From its inception, Record Store Day has been a stereophonic affair. Conceived five years ago in Scarborough, Maine, by Bull Moose Records co-founder Chris Brown, it launched with a free Metallica concert in the Mountain View, Calif., parking lot of Rasputin Music — two channels, coast to coast.
In 2010, the spring event grew worldwide and added the day after Thanksgiving. Taking a page from the big boxes, participating stores open before dawn, but unlike Best Buy and Walmart, the big attractions aren’t deep discounts but exclusive, limited editions.
Most of the specials are on vinyl, the fastest-growing segment of recorded music. According to Nielsen Soundscan, vinyl sales took off in 2008, broke records last year and are growing by 16 percent in 2012. It’s a local phenomenon too, from area musicians like Tristan Omand releasing a 12-inch version of Wandering Time — offering colored vinyl to certain Kickstarter donors — to healthy queues on Black Friday.
Last year, Salem Bull Moose Records Manager Chris Wood said, “We had 15 to 20 people lined, which is awesome considering they’re all here to buy vinyl.” The crowds and general chaos of the nation’s biggest shopping day mean most places won’t offer the live shows common in the spring.
“It’s a bit too hectic for in-store performances, but since we’re opening at 6 a.m. we do things like trivia games,” Wood said. “We try to make it fun for people.”
To satisfy demand, labels release reproductions by classic rockers, albums often long out of print or simply never released. From contemporary bands, there are clever items like Golden Gear, a sprocket-shaped colored disc by the band fun. This was Brown’s favorite release for last spring’s Record Store Day.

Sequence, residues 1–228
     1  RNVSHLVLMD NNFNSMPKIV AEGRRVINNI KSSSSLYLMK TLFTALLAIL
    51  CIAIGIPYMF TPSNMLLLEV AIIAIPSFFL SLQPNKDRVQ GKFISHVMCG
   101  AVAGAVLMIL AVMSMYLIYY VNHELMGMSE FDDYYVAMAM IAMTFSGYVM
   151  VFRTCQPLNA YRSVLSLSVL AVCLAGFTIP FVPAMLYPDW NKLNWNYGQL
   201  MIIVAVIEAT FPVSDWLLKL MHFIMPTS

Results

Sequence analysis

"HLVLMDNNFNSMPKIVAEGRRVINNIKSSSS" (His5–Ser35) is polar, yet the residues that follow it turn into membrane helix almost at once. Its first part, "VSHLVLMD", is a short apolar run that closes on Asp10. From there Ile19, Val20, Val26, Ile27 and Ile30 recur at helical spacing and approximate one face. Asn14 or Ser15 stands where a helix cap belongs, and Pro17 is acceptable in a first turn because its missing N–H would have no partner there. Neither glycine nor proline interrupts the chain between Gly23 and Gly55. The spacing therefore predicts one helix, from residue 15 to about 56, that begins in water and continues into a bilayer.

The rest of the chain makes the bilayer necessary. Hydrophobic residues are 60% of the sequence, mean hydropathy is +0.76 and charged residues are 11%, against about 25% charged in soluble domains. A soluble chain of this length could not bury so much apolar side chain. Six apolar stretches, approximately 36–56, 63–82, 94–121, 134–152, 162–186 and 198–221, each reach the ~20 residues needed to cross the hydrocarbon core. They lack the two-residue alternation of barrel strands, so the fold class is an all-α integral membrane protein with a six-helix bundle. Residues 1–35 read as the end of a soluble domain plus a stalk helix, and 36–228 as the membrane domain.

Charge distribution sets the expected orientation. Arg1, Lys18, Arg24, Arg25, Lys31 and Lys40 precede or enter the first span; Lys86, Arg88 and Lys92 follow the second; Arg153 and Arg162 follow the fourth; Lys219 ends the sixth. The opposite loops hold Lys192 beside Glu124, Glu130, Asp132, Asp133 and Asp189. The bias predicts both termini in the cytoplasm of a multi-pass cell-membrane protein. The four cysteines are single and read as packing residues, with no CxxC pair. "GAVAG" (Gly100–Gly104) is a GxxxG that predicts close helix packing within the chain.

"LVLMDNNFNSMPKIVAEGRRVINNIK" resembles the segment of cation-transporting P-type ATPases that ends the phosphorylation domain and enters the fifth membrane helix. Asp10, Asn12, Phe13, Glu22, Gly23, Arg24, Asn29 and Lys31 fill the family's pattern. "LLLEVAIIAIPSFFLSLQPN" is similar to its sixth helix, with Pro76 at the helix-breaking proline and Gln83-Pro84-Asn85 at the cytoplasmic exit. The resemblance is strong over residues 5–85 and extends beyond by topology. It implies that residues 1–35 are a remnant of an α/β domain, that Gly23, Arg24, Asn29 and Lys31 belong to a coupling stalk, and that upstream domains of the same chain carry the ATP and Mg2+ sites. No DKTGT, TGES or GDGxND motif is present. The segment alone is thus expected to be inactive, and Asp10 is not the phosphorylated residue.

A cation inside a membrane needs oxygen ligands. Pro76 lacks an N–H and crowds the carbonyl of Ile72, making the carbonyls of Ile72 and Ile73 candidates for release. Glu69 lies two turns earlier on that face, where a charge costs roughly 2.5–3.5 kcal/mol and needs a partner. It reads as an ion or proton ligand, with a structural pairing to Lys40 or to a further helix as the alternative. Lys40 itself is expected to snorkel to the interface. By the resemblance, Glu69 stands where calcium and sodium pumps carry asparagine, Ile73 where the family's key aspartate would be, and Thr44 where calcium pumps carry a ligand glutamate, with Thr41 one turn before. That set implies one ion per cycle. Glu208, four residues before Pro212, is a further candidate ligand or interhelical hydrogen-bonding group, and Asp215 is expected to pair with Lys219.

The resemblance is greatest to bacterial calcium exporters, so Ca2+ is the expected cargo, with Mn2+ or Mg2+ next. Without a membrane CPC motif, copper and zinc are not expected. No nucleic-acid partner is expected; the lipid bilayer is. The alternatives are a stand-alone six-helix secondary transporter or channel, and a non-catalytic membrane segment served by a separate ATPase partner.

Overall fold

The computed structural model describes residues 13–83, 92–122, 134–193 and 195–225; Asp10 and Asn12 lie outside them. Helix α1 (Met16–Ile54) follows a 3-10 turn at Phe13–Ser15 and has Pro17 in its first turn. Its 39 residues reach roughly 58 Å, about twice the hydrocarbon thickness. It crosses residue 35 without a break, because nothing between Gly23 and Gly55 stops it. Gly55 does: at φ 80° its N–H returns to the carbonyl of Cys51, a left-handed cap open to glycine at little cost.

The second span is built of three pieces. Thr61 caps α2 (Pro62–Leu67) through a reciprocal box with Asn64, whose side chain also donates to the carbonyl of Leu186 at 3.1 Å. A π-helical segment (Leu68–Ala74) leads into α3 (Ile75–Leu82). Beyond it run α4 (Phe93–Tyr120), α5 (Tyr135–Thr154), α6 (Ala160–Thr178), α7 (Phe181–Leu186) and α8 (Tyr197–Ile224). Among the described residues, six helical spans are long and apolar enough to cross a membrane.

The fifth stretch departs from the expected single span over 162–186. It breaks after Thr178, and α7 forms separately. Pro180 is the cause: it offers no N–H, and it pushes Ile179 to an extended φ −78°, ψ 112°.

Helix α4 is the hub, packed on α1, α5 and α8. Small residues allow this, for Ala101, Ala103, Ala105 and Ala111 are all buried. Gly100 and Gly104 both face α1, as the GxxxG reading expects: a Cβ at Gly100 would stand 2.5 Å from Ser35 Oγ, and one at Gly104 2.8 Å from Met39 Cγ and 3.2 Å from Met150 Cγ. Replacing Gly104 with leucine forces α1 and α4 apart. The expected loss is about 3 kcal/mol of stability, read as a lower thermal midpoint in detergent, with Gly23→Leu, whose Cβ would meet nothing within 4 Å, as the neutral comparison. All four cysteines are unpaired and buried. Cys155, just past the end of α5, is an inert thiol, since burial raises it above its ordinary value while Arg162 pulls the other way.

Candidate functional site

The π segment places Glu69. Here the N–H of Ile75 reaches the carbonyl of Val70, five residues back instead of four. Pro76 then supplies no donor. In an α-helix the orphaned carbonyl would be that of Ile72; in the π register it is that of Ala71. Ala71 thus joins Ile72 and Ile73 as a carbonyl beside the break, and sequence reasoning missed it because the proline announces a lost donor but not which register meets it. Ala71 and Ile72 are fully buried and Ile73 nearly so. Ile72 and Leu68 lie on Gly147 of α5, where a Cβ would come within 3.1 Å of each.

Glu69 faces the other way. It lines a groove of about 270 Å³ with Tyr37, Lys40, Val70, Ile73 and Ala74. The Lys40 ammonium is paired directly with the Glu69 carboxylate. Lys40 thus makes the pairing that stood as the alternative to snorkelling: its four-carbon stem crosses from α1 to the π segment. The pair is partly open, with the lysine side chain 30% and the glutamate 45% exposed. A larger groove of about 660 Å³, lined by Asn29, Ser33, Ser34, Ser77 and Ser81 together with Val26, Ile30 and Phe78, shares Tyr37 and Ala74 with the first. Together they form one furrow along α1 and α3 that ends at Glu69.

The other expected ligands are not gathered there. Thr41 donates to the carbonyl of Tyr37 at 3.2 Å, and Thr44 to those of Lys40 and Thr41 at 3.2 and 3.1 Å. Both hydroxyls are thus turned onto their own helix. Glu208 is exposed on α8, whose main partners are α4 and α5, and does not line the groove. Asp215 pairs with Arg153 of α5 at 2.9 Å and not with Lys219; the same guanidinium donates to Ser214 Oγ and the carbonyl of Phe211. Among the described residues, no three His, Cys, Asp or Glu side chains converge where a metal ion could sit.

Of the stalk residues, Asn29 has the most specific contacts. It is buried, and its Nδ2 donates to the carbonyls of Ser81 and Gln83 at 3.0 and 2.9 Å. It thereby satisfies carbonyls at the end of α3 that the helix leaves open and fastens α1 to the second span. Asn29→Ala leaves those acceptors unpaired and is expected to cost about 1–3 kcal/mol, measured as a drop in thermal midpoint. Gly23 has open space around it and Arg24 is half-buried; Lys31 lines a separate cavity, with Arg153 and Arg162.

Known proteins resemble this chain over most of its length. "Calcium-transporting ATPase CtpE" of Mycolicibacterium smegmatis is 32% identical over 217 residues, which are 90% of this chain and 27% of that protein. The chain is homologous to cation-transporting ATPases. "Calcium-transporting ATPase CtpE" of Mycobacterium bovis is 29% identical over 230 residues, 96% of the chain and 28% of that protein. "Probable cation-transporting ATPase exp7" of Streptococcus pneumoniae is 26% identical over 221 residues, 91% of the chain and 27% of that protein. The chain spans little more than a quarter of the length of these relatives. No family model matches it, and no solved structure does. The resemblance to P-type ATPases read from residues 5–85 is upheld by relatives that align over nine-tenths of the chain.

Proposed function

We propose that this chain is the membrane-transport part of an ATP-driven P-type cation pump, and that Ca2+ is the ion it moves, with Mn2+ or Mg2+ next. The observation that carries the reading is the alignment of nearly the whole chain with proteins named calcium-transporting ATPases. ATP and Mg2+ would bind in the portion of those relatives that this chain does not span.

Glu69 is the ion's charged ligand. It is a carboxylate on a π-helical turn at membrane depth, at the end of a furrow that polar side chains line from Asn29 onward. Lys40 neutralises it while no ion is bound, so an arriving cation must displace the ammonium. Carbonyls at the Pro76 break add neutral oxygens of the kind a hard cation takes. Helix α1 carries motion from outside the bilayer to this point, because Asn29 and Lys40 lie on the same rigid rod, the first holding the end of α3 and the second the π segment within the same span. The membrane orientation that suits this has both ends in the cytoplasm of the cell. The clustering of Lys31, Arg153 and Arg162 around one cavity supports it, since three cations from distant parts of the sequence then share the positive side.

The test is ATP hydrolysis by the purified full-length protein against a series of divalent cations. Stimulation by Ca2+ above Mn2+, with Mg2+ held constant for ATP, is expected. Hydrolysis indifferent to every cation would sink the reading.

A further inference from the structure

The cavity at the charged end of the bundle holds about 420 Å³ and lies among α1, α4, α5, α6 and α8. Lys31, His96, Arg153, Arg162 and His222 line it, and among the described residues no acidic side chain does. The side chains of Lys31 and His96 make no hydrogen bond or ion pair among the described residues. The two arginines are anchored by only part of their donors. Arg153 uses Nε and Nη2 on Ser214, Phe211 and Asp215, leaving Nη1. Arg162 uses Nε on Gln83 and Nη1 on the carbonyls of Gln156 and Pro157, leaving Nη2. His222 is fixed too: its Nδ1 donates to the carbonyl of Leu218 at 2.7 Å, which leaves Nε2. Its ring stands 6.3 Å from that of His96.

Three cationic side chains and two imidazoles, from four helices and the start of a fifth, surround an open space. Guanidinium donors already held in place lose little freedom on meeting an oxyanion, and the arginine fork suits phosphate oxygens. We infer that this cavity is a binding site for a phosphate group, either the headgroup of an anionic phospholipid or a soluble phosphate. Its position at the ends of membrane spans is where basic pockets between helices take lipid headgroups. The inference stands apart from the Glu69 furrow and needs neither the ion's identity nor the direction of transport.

Hand-numbered and limited to 1,800 copies, Joe Strummer Live at Action Town Hall is sure to be a hot item. Formerly only sold digitally, the 2002 show reunited Strummer and Clash bandmate Mick Jones for the first time in 20 years, shortly before Strummer’s untimely death.
The Strummer album is among several “Record Store Day only” items, like the two-sided 7-inch disc of Leonard Cohen and Jeff Buckley each performing “Hallelujah.” Cohen’s version was essentially ignored upon release in 1984. Since then, more than 300 artists have covered it, with Buckley’s version perhaps the most revered. “Hallelujah” is the subject of an Alan Light book due in December.
Other items include an EP of Buck Owens covering the Eagles (a mid-’70s session thought lost to history), a 20th anniversary 45-RPM edition of Nirvana’s Insecticide, along with picture discs of David Bowie’s “Jean Genie” single and Pizza Box by the Fat Boys, with vinyl resembling a pizza, packed into a cardboard box.
Want an off-the-wall choice? Check out the Obscure Giants of Acoustic Guitar trading card set, offered by San Francisco’s Tompkins Square record label. The 37-card collection features portraits by artist Shana Cleveland, and biographies detailing the work and lives of these overlooked performers.
With supplies ranging from just 500 to 5,000 copies, not everything is available at all stores. Some places, like Concord’s Pitchfork Records, reserve the rare stuff for regular customers. But bigger stores like Bull Moose (with 11 locations, two in New Hampshire) and Newbury Comics (28 New England locations, four in New Hampshire) do their best to meet demand.
But if the quest for Joey Ramone’s Ya Know (complete with Christmas ornament) should fail, take heart — and buy something else. There’s much to choose from and it helps small business. Plus, it definitely beats a Toys ’R Us tug-of-war over a Monster High doll. www.metrocityrecords.com